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Teachers Learn Too

For many teachers in Tennessee, “brain breaks” are key to keeping their classrooms on track.

Using a program called GoNoodle, teachers play videos that give students brief physical activity breaks, which has been shown to help learning and improve classroom behavior.

Better Tennessee spoke with four teachers from across state to get firsthand accounts of how GoNoodle helps them.

Reed Clapp

3rd grade
Madison Creek Elementary

The pressure on students is extreme now, with high-stakes testing and calls for accountability from every direction.

These students are expected to perform at higher levels than ever before.

GoNoodle is not just a lesson or curriculum but a way to strengthen the brain and bring about a clearer focus. It helps me create an environment that is conducive for learning.

I use it in two ways:

First thing in the morning, the class has a social time when we do a greeting and share news. Then we choose a GoNoodle video that will either energize us for the day, or help us calm down or stretch our brains. It starts the day on a positive note, and the videos are so short that they don’t take away from instructional time.

We also use GoNoodle for lessons. During our math block, when the kids work on a complex or multistep problem that requires them to be very focused, I give them a break with a GoNoodle math video. It allows them to stand up and move around, to release anxiety or energy but still engage in math concepts.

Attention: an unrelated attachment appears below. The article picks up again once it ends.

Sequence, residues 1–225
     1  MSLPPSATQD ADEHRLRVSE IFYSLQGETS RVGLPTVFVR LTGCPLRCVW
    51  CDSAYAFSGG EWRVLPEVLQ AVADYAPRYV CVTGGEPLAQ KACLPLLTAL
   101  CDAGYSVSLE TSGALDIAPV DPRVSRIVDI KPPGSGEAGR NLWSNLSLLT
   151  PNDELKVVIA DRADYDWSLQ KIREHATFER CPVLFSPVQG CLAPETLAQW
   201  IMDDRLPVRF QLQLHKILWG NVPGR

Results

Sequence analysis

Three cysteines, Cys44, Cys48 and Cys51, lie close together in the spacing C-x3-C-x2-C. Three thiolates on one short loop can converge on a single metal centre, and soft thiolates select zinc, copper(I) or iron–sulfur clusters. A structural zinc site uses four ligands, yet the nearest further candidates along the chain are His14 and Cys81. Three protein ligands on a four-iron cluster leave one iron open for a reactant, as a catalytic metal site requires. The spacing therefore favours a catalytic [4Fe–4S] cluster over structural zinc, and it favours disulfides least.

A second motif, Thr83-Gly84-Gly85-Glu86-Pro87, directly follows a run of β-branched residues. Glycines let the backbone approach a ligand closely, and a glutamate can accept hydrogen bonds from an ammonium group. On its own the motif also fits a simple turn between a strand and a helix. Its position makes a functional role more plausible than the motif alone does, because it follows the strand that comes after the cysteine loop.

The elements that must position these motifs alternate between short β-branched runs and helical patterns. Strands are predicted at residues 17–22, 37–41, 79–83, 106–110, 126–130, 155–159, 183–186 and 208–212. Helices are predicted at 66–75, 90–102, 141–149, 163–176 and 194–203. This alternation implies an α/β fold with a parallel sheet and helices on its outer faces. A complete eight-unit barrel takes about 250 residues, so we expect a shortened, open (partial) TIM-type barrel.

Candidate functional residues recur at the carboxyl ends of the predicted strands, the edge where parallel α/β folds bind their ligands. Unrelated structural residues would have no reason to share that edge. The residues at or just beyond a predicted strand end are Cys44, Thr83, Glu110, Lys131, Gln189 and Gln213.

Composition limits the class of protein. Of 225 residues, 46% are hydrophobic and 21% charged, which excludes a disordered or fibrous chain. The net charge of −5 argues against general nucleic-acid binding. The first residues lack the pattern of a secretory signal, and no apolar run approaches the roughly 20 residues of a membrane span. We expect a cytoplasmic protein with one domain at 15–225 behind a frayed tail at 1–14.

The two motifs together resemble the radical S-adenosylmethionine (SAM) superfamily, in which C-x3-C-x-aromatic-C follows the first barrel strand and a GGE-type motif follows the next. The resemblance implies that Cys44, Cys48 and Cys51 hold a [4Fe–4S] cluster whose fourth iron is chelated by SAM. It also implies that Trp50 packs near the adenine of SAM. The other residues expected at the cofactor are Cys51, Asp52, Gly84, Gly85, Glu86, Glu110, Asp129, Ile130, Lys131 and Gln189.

GoNoodle lets you customize some videos, and I will put our vocabulary words into one of the programs, so instead of staring at a worksheet the students stand up and participate.

They engage, but in a fun way and one that is motivational to them.

They are definitely more focused as a result. For a teacher, seeing students who are enthusiastic to learn — it’s why we love what we do. We know that when students are excited to learn, they will.

Elizabeth Thatcher

Spring Creek Elementary

We use GoNoodle in kindergarten every single day, multiple times a day.

Hamilton County requires our schools to give children two 15-minute activity breaks each day, and the GoNoodle videos allow me to include an educational aspect to those breaks while meeting the requirement for movement.

For example, before kindergarten is over, all of our children are supposed to be able to count to 100. We watch math videos on counting, and the kids sing along as they move to the beat.

More than 80% of the kids in class could count to 100 after a few months, because of the GoNoodle song.

When kids are this young, they are so musically inclined.

They go home singing the songs, and their parents are impressed by how much they are learning through them. One of the other videos we watch features Usher on Sesame Street, singing the alphabet song with the Muppets.

That’s a great introduction at the start of the school year, especially in that phase when kids miss their mommy, because seeing those familiar characters puts them at ease. It breaks the ice.

By the end of September, 98 percent of my kids knew all the letters of the alphabet, both uppercase and lowercase, because as we dance along to the Usher video they look at the letters on the screen. They learn their letters so much faster that way.

I also use it to help with motivation and classroom management. I’ll tell my kids that if we get all our work done, then we can dance to a GoNoodle video for five minutes.

The program builds so much more than education. It builds activity. It builds their heart rate.

And it builds their love for each other.

Sarah Cooper

5th grade
Fairview-Marguerite Elementary